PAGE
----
William Hung Is Sad About 'American Idol' Ending, But He's Moved On

William Hung
American Idol reject William Hung performs in 2004 at the Esplanade Theater in Singapore. Luis Enrique Ascui LA/Reuters

Sad about the imminent cancellation of American Idol? So is William Hung, the accidental star of the third season who shot to Internet fame after a gloriously off-key audition set to Ricky Martin's "She Bangs."

"I feel sad," Hung tells Newsweek. "American Idol is such an iconic show. It's like a pioneer for a lot of the shows they have. Not just in America but across the whole world."

Hung learned that Idol would come to an end the same way you may have: by watching the news. "It feels odd," he says. But "I don't want to say surprised because I understand the ratings have been declining. There's too many similar TV shows like American Idol." Of those other shows, he added: "I don't know about the number of people that audition for shows like America's Got Talent or The Voice. But American Idol is unprecedented. It gives people hope. Hundreds of thousands of people audition for that show every year."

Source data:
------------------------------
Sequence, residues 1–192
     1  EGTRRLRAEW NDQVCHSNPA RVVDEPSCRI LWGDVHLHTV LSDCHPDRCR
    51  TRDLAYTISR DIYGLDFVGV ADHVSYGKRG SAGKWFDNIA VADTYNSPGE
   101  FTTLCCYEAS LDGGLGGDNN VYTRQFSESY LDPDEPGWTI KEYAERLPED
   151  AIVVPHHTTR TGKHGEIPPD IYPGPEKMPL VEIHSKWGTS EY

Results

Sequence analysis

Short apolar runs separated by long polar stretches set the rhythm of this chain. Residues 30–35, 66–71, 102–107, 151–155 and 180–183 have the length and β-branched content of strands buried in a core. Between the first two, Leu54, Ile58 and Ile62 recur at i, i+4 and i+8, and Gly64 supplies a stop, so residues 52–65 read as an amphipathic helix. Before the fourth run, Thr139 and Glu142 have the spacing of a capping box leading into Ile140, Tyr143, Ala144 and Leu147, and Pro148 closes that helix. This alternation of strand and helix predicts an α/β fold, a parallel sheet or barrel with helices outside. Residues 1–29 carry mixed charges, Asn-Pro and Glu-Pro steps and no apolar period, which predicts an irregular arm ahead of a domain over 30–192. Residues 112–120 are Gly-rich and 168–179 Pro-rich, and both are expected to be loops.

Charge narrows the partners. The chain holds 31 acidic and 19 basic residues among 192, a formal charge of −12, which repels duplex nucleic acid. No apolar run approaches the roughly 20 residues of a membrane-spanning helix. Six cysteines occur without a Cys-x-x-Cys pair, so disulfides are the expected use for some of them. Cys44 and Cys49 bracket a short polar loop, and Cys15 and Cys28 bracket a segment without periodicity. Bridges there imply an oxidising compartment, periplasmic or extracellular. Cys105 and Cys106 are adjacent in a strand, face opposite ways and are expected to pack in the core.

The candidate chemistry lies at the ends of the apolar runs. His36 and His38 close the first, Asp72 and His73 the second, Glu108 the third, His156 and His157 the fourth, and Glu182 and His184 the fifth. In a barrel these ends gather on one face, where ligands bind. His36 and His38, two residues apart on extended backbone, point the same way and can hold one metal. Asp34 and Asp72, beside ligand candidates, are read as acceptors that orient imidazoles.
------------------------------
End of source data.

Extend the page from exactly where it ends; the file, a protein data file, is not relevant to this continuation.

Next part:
William Hung, now 32, is one of dozens of performers who rose to celebrity on the basis of the show. But unlike Kelly Clarkson or Ruben Studdard, Hung bears the curious distinction of never actually having made it past the first round. He just auditioned—and despite being roundly mocked by judge Simon Cowell, his joyfully amateurish 2003 performance of the Ricky Martin track won him a cult following and a record deal.

Hung now expresses fondness for Cowell, who left the show in 2010. "I don't want to say I like Simon, but I want to say I miss Simon's brutally honest criticism," Hung says. "I think he makes the show."

While the long-running singing show has carried on without Cowell, it will come to an end following its 2016 season, Fox announced this week. Its popularity has slipped in the wake of similar shows like The X Factor and The Voice.

After releasing two albums and one EP in the mid-2000s, Hung's music career has also come to an end; he now works as an administrative assistant at the Department of Public Health in Los Angeles. But he says his fleeting fame still affects his life and career today.

"It makes it a little bit easier for me to land job interviews or make my resume stand out in a good way," Hung says. "Because of my celebrity status, it's easier to make business connections from LinkedIn."